Fiona Apple enchants and mystifies with new album

Rae Zhuang/Staff

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What Fiona Apple was up to in the seven years between the release of her third album Extraordinary Machine (2005) and her latest is anybody’s guess. But whatever it was, we are grateful. The Idler Wheel is Wiser than the Driver of the Screw and Whipping Cords Will Serve You More than Ropes Will Ever Do is the name. It’s an album of austere minimalism, but Apple’s bombast, her theatrics and tantrums are all there.

The great moody mistress began her career in 1996 with Tidal, a collection of 10 songs she wrote as a teenager (And it shows.). Sandwiched between her debut and Extraordinary Machine was When the Pawn…, which until now was her best album.

Known for her wildly public moxie and overflowingly emotive songwriting, Fiona Apple does what she does, as she proclaims on album opener “Every Single Night.” She just wants to feel everything and we just want her to be happy. But there’s a storm in her brain. Tines of a music box begin the album and ring in a sort of manifesto for Apple. Her contralto resounds the chorus, “Every single night’s a fight with my brain,” as she chews on things that go bump in her head at night. “These ideas of mine / Percolate the mind / Trickle down the spine / Swarm the belly, swelling to a blaze.” To listen to this song is to hear someone taking pleasure in madness, because “every single fight’s alright.” Until it’s not.

“Daredevil” is an analogue to Apple’s anger-stained anthem “Fast as You Can” from her sophomore When the Pawn… “I don’t feel anything / Until I smash it up.” Apple plunks on her piano as if it were a drum, using the instrument more for its rhythmic capacities than as a melodic tool. Her voice is more jagged, less controlled, allowing a shameless stream of feelings.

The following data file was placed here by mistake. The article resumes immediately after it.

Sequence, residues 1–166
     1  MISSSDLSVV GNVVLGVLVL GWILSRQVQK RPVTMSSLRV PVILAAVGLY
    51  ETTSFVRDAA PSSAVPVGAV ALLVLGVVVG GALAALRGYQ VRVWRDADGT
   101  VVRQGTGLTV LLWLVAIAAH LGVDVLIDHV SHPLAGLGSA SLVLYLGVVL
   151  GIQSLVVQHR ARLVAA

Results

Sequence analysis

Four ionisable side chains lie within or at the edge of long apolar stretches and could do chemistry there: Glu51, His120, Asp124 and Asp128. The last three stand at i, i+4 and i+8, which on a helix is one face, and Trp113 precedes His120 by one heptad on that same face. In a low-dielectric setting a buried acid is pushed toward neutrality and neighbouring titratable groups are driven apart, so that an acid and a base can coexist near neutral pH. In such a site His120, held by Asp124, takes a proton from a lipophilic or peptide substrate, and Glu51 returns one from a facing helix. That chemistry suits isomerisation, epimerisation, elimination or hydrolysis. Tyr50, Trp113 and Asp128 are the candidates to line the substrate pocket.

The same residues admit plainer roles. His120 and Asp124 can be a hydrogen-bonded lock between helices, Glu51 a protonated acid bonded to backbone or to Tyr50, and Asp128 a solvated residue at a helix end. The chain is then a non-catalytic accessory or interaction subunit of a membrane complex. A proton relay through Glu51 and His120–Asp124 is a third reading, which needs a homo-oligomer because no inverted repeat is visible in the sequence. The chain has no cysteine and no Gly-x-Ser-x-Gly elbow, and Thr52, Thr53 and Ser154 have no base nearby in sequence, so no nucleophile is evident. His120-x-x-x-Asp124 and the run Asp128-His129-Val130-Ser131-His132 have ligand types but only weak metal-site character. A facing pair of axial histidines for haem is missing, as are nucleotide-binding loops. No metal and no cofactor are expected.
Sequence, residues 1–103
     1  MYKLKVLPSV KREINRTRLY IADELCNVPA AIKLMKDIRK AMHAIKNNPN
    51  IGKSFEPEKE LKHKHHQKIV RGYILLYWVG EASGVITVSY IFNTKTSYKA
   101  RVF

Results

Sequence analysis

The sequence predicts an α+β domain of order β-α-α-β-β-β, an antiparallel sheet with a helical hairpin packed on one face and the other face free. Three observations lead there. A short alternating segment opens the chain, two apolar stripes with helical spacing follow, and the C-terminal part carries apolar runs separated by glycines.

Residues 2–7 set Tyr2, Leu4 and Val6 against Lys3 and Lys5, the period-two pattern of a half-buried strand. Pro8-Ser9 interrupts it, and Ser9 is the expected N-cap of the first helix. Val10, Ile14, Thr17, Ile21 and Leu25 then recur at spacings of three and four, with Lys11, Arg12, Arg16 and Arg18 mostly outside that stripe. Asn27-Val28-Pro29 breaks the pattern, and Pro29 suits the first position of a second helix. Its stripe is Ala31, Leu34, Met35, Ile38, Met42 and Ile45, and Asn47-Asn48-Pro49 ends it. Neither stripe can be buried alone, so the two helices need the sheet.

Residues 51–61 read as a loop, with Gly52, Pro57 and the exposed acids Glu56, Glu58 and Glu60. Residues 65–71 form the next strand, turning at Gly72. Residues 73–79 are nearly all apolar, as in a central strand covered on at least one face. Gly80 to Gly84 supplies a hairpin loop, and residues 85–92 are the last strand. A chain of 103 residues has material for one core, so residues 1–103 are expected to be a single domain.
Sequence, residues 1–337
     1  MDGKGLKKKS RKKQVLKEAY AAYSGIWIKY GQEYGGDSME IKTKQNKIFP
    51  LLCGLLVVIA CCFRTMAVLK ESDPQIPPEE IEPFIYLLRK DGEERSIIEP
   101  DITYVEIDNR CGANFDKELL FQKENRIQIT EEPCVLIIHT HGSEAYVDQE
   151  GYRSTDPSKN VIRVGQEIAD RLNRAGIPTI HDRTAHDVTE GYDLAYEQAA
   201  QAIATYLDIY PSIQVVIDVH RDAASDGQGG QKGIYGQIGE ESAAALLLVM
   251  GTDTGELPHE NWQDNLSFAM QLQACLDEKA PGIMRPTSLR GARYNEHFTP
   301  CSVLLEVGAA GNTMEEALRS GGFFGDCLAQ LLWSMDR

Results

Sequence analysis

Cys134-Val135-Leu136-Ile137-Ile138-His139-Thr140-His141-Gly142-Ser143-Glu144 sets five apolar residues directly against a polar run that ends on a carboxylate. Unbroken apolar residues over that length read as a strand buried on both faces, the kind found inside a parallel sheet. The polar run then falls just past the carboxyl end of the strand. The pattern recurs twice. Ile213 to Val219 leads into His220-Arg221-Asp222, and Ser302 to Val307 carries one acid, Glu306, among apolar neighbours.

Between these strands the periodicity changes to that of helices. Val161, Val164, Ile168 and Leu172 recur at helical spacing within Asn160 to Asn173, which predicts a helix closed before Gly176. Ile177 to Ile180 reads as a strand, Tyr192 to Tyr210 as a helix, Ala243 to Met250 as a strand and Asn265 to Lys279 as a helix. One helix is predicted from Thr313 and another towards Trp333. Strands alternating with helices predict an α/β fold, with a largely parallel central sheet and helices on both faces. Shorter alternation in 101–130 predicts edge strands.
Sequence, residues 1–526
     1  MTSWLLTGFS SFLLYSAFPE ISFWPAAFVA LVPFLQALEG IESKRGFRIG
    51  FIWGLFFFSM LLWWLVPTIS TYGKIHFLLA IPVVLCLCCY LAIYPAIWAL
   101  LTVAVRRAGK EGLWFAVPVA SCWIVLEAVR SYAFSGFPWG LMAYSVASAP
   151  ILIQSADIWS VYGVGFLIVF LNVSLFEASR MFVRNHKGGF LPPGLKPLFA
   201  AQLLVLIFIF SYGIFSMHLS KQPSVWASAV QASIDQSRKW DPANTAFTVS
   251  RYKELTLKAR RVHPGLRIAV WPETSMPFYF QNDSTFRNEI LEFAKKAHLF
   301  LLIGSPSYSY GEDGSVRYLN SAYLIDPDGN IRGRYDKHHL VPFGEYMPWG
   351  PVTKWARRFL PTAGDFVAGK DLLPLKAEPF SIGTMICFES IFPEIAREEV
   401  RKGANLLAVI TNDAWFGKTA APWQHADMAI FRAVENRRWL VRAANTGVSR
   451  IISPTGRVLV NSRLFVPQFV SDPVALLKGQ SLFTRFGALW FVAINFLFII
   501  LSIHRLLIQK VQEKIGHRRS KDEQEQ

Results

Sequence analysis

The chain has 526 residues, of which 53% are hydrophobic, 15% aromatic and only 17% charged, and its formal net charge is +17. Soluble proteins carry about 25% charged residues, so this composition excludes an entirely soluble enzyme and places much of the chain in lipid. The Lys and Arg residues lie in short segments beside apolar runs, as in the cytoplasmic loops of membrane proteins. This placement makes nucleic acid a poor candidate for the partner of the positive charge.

Unlike her works past, Apple rarely slows things down here. “Valentine,” a melancholy ballad of doting love, is classic Apple. Lyrically, she’s funny and ironic, even when she’s miserable. “I made it to a dinner date / Teardrops seasoned every plate,” she sings.

While Apple has typically used her music as a platform to lambast men who left her for dead, The Idler Wheel demonstrates a look inward. As on “Every Single Night” and “Daredevil,” Apple wonders how crazy she must be. “Regret,” the most touching song, breaks this mold because the chanteuse is so forthcoming about being bedeviled by love. The lyrics are as featherbrained as ever: “I ran out of white dove feathers / To soak up the hot piss that comes from your mouth / Every time you address me.” Her quivering timbre breaks on the “your,” a plie on a jutted nail, splitting her voice open and summoning the righteous Apple we know, whose voice isn’t always perfect.

An emotional bright spot amid an album of anguish, “Anything We Want” pops the balloon of Apple’s emotional tumescence with buoyant percussion, a sweet serenade of playground love. She handles each word, each note, with care as shaky hands hold a teacup on a saucer. What distinguishes Apple from her sistren of lovelorn girls on pianos is that her sound is entirely hers, rather than some patchy jumble of other people’s noise and style. Singers like Adele profess, “You hurt me, but look, I’m still beautiful!” while Apple is saying, “No, you fucked me up and made me ugly. Now here I am.”

Every song is a standout. “Jonathan” is like riding a madcap carousel, as Apple sings about former lover Jonathan Ames, with whom she shared a beautiful day in Coney Island. The structure is loose but always confident, contrasting a tightly-made ballad such as “Werewolf,” wherein Apple likens herself and her lover to “a wishing well and a bolt of electricity.” This woman is trouble, addicted to danger. Songwriting, for Apple, is an X-ray of the soul, a self-evaluation that is the only place she can work out her troubles.

You can’t write about love. Not really, anyway. When asked why you love someone or something, the best answer you can give is, “I don’t know, I just do, okay?” This goes for Fiona Apple fans — which is why it’s so hard to write about her — as well as Apple herself. Her ability to spin gold out of spoiled love and her batshit craziness proves what a talent she is. She grabs you by the throat and demands an active rather than passive listen. Few singers have that power. On The Idler Wheel, Apple tops herself as she demands that we feel everything with her and that we feel things we didn’t know we could.